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Gateway project takes shape (4/02)

By Ian Ross City officials feel confident the third time will be the charm in retaining the right private developer to finally revive Sault Ste. Marie’s stalled Gateway tourism project.
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By Ian Ross

City officials feel confident the third time will be the charm in retaining the right private developer to finally revive Sault Ste. Marie’s stalled Gateway tourism project.

After a few false starts with some earlier companies, city staff anticipates tabling both conceptual and business plans from a leading international developer and operator of customized leisure, restaurant and hospitality venues to city council by mid-April at the earliest.

The project includes a proviso that private-sector funding for the project can be secured by both the Toronto-based MagiCorp Entertainment Inc. and the city, says city planner Don McConnell.

Both the company and the city need to show some “significant” private-sector investment to lever government dollars.

“The private sector is always the last to buy in,” says McConnell, “so we may be fairly done in mid-April. But I’d prefer to have all the private-sector ends tied in before we went to council.”

MagiCorp is applying the finishing touches on some concrete development plans to unveil a concept for a major waterfront tourist attraction with private investment to finally access $15 million in Northern Ontario Heritage funding set aside for the development.

Should council give their approval this spring, the development proposal will move on to the Northern Ontario Heritage Fund board for review. And should the heritage fund green-light the proposal, the Ontario Management Board would study it, a process likely to take two months.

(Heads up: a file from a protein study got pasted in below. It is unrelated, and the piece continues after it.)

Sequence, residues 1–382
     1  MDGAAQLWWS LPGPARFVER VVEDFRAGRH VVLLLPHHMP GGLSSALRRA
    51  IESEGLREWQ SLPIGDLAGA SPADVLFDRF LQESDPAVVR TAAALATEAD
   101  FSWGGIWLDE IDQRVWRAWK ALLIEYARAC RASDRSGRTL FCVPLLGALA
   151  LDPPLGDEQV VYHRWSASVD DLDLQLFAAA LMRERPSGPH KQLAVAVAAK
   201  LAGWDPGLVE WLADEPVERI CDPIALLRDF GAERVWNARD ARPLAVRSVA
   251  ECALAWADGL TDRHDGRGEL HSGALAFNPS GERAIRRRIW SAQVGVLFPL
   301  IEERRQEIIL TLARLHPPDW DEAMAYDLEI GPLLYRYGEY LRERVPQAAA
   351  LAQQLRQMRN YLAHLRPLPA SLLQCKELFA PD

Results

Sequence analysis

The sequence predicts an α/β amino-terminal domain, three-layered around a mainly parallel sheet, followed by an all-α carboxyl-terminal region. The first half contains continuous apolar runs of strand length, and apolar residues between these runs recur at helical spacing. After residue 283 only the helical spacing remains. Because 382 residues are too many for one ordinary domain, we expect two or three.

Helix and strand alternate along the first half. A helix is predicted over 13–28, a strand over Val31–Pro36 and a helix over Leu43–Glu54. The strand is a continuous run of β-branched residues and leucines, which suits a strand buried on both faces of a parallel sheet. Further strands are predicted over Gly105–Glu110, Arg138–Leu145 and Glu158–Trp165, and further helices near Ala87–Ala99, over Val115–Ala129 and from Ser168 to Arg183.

“We’d really like to be in construction in October” by starting to drive pilings and do some foundation work to get a jump on next spring’s building season in preparation for a summer, 2003 opening, says McConnell.

Though McConnell was not willing to place a price tag on the project, MagiCorp’s Web site is billing the planned development as a $45-million entertainment and tourist project expected to open in June 2003. The project will include an all-suites hotel, mixed-use interactive tourist attractions, an historical and cultural centre and a theme restaurant.

MagiCorp comes to the table with an impressive resume of global interests as specialists in designing, building and operating entertainment complexes in North America, Europe and the Far East, partnering with the likes of billionaire entrepreneur Sir Richard Branson and his UK-based Virgin Entertainment Group.

The seven-year-old development company has done entertainment complexes for Saga, has developed indoor ski hills, night clubs, upscale restaurants and worked in locations across Japan, in Shanghai, Budapest and Whistler, B.C.

It was named in Profit magazine as one of Canada’s 100 fastest-growing companies in 2001. One of their most recent projects is an entertainment centre in Manchester, England that includes a partnership with Branson who is investing $7 million with the company for the project now under construction.

Another is a joint venture with the Mills Corporation, a U. S. developer, to build the entertainment component of what will be Europe’s largest shopping centre in Madrid, Spain.